A Day In the Life of Paul Bowen
International Aviation Photographer
Written by Deana Torgerson Studio Manager, Paul Bowen Photography, Inc.
old corner building near the heart of Wichita, is the office of the international
aviation photographer, Paul Bowen. Without his name in lights, his office
remains hidden from the commoners. Just where Paul likes to be-he says.
I beg to differ.
A displaced California surfer residing in Augusta, Kansas always has a joke
or story to share to the revolving invitees to his poolside gatherings. A
confessed "rhythmically challenged" dancer stole the show at my wedding reception
last summer with his grace and style. Given a spotlight, he will perform.
At 9:00 a.m.,
Paul arrives to work from an early morning workout. No, he won't be the next
Mr. Olympia, but he can now add "railroad tie dragging champion" to his resume.
Plus, I think he likes to have an excuse for a power nap later if he so desires.
steady stream of calls begins to fill his hideout with ringing sounds. Unfortunately,
the ringing of the phones does little to drown out his tunes of choice, the
Pride of Punahele strumming Maunaleo on the beaches of Hawaii. The paper processor
noise is my only savior.
Jenkins, Paul's assistant and the darkroom wizard, has found refuge in the
darkroom with his mini radio featuring static and talk radio. Again, I am
thankful for the noise of the processor. He works between two enlargers, color
correcting prints and making contact sheets of the last photo shoot. Four
minutes later, Tom emerges and views the 11" x 14" print from the processor.
Paul's new emails
lay stacked on his desk, fresh from the Epson inkjet. Definitely not a generation
X techie; he rarely visits the Internet and the "e" world so he prefers to
read his instant messages on paper. He's not afraid of technology, but likes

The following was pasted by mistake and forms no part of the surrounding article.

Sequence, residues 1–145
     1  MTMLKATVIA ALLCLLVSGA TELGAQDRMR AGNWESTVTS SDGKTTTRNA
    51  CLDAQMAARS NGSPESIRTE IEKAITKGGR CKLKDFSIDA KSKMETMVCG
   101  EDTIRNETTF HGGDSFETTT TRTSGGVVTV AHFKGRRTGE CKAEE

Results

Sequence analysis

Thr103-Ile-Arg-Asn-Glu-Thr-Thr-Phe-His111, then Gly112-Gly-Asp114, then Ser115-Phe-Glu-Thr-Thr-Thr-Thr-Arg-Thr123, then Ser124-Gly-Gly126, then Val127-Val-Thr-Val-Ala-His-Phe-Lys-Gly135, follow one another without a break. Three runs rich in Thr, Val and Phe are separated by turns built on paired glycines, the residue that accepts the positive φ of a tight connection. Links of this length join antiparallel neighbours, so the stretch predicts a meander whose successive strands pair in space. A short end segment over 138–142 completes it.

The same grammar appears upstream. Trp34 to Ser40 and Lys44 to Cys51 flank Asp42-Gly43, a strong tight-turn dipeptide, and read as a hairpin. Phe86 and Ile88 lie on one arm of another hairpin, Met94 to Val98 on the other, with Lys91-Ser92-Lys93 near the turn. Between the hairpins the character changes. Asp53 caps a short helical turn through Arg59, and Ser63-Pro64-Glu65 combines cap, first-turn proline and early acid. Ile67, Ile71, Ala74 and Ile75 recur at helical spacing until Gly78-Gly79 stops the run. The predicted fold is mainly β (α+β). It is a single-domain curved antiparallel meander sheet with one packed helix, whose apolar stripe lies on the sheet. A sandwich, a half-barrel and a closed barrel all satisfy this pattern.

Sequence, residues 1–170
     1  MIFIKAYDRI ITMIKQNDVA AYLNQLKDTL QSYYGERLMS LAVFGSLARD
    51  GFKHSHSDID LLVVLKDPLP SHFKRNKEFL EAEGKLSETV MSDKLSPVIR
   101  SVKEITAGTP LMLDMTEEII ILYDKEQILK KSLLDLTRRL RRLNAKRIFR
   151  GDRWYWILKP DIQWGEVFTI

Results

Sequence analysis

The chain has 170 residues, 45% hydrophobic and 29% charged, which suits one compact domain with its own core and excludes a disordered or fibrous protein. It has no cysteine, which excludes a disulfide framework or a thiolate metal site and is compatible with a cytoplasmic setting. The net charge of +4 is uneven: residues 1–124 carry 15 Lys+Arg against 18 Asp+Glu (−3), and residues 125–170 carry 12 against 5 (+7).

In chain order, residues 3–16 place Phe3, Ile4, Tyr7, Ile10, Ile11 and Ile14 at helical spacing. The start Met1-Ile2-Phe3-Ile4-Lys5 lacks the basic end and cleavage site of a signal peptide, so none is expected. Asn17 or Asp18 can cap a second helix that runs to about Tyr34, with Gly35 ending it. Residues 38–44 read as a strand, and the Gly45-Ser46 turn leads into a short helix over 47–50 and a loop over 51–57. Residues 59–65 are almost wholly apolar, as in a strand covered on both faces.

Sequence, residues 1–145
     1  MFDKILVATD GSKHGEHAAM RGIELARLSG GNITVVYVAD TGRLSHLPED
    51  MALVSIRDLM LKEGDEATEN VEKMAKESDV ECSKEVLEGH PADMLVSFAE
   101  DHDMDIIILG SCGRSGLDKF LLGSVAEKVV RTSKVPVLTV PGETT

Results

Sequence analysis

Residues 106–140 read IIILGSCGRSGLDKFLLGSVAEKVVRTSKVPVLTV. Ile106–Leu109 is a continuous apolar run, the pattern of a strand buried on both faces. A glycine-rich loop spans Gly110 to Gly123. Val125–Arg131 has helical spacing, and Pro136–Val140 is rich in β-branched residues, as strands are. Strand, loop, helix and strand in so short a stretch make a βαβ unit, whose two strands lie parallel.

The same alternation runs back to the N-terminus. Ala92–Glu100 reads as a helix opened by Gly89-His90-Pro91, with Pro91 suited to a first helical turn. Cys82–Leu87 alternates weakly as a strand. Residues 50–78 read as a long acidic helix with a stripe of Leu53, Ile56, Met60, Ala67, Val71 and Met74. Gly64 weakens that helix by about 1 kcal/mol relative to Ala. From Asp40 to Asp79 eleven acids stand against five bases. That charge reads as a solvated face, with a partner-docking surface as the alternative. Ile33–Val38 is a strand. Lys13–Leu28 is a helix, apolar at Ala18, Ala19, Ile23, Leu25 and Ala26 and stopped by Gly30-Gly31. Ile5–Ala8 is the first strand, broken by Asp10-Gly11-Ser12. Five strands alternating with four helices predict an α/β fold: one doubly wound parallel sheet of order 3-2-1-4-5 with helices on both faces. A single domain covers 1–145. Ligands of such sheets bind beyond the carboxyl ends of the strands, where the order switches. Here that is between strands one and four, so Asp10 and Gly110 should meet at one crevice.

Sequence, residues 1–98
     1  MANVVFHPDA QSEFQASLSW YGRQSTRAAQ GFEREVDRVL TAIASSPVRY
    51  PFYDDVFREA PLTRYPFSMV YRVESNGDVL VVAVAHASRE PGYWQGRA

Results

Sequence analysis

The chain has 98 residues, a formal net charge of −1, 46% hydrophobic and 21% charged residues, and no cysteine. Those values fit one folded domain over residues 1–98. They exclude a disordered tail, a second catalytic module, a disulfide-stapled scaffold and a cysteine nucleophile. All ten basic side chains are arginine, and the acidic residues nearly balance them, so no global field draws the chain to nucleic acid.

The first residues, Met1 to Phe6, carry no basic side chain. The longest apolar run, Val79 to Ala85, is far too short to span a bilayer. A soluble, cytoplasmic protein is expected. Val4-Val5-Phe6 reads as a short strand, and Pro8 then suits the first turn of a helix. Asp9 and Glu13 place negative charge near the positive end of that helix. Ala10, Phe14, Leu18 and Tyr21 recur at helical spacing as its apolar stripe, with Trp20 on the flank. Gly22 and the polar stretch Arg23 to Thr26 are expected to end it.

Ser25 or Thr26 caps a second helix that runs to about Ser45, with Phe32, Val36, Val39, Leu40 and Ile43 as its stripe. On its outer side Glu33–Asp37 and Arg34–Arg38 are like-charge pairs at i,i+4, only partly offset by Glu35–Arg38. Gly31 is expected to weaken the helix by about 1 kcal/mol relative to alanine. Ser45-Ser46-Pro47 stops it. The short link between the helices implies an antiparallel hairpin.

to know just enough about a few computer programs to produce a few volumes
of critically acclaimed aviation photography, but still claim "I'm just the
photographer" when an escape is needed.
books, posters, notecards, original photographs and calendars are embraced
by the aviation community for the works of art they are. His Air To Air books
are his favorite toys around every other Christmas season. Currently working
on Volume III, it wouldn't surprise me if he were eventually working on Volume
and kindhearted spirit makes it hard not to like him; his photography skills
make it hard not to admire him. He loves what he does and he loves life. And,
he constantly reminds me with his googly eyes and loving gestures, his love
for his wife, Gail. You'd think he was the newlywed!
of undercover, he doesn't stray far for his lunch ritual. Paul gives literal
meaning to Everyday Gourmet. This quaint little deli two blocks away has a
table for one, maybe a roast beef sandwich and salad, but always a piece of
Back in his
hideout, Paul is hunched over the 8 ft. light table sorting through his latest
"beautifully portrayed hunks of metal". He retrieves some stock from his files,
approximately 20 large cabinets each filled with binders full of slides, for
some clients expecting a Fed Ex package to arrive tomorrow by 10am. Within
minutes, he's pulled the exact image he was looking for among the thousands--a
Lear 60 slightly left of head on with a stunning golden sunset. There will
be smiles tomorrow at 10am.
always is the problem solved in such a short time, in which case he always
breaks away from the light table for his 3:30 appointment. No, not a client,
but just as important-the pool table. He lets me break-"to give me a chance
to play," he says. As I said before, so generous! When I bring my "A" game,
I may put a little pressure on him not to get beat by a girl. He is usually
victorious, but again, generously claims I only ceded as, "it must be close
to payday." Tom provides a much better match-up and often victorious in the
Once the "important
business meeting" has ended, Paul is back on the phone to reschedule flight
arrangements for him and Tom's next photo shoot, which was changed at the
last minute-30 minutes ago. Instead of leaving tomorrow at 11:00 a.m., they
will head out tonight to make a sunrise shoot the next morning.
My day ends
with the routine of shutting down the computers, closing the credit card machine,
and gathering the Fed Ex packages to drop off at the pickup box. I verify
when I will see Paul next and head home. (Soon, I will be reviving my ears
with some country tunes or great 80's music in my car!) With the help of Tom,
Paul gathers his cameras, film, and equipment and heads to his next stage.
It's nearly show time.
Click here to read a book review on Paul Bowen's Air to Air II
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